RICHMOND, Va. -- A Chesterfield couple learned a valuable lesson after receiving counterfeit cash in exchange for a gaming system after a sale in Richmond.
Sarah Hacke said the transaction happened in a parking lot at the corner of Roseneath Road and West Broad Street in Scott's Addition around 6 p.m. Wednesday.
The supposed buyer had contacted the couple after viewing a Facebook Marketplace ad they posted for a PlayStation 4. The couple agreed to sell the man the gaming system for $260.
"We didn’t know exactly where [the buyer] came from, but he made sure everything was in the box - and we exchanged the money," Hacke described.
However, once in the car the couple discovered the cash was anything but real.
"The color was off and it didn’t look right, but my boyfriend didn’t notice it when he flipped through it," Hacke explained.
The 13 bills in denominations of $20 all had the same serial number with Russian letters. The word "COPY" is printed on both sides and "Cruger" is underneath President Andrew Jackson's portrait.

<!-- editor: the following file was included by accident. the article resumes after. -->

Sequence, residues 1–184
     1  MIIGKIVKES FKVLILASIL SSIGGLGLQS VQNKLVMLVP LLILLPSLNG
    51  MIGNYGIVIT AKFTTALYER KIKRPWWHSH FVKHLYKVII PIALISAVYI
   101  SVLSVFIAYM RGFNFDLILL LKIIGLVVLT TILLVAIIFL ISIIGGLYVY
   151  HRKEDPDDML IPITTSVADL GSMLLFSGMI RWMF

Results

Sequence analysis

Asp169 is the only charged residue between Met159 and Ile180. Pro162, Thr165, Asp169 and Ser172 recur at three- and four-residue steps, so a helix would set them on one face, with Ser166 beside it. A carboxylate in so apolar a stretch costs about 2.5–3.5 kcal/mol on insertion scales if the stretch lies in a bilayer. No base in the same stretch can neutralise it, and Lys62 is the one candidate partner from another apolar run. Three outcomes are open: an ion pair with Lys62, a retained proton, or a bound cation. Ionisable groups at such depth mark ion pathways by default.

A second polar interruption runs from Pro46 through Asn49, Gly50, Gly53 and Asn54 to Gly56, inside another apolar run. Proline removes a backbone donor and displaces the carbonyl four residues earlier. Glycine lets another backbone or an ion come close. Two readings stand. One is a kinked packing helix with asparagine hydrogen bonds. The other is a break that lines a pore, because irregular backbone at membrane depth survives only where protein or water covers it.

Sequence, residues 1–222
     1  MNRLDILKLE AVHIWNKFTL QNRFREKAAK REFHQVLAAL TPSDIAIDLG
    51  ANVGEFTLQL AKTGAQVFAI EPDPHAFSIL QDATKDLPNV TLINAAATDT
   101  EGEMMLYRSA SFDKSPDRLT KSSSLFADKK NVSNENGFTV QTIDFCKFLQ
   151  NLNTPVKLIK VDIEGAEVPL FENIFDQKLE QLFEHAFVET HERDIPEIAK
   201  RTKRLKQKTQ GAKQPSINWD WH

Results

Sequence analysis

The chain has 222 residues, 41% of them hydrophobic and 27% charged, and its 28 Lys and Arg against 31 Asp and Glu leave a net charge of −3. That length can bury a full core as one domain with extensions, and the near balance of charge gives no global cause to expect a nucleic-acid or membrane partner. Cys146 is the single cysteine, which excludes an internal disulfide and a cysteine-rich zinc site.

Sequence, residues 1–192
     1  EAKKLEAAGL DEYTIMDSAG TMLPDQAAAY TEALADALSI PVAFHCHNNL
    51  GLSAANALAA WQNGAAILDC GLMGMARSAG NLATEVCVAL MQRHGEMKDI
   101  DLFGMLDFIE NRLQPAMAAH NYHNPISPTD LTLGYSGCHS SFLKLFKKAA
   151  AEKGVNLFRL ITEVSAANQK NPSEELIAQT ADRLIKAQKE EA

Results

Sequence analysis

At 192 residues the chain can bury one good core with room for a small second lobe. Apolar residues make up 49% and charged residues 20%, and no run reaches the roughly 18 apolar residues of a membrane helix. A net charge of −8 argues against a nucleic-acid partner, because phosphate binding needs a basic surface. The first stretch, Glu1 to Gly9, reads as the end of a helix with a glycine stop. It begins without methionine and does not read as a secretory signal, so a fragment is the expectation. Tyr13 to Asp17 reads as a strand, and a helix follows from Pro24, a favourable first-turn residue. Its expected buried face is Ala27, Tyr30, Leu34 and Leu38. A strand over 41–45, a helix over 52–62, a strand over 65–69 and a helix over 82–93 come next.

The Paris Illinois Police Department wrote in a press release after similar bills showed up in their community:
"Notice that in the upper left and lower right corners you see the word CYBEHNP. The N is actually backward (Cyrillic alphabet) and this word means 'souvenir' in Russian."
CBS 6 showed pictures of the fake currency to Lt. Ronnie Armstead who heads Richmond Police Department's property crimes unit.
"It’s very convincing," Armstead stated. "I could see where this individual looked at that 20, started flipping through it, and 'Thank you!'"
Armstead urged anyone who sold items through apps or online to be mindful of their surroundings when verifying if the cash is real.
"Don’t have your head down looking at your money and not paying attention. Have somebody with you to pay attention to the individual, while you got your head down looking at your money. You have to be safe all around," he warned.
Hacke turned over the fake cash to a Richmond Police detective who is investigating the crime.
"We are assuming they are good people and good for their word," Hacke said. "I guess when someone hands you money you need to look at it a little harder. Watch your surroundings and pay attention."
Several localities have Safe Exchange Zones that are monitored by cameras and are well lit. Those locations include VCU Police Headquarters and at the Chesterfield County Courthouse.
Police shared the following tips when buying and selling items online and you intend to meet in person:
- If you are encouraged to make an exchange in a neighborhood or somewhere you know to be dark and secluded, DO NOT make the transaction.
- Make your exchange during daytime hours.
- Don't invite anyone to your home.
- Don't let anyone inside your vehicle.
- Don't go alone.
- Meet in a well-lit place where other people will be present.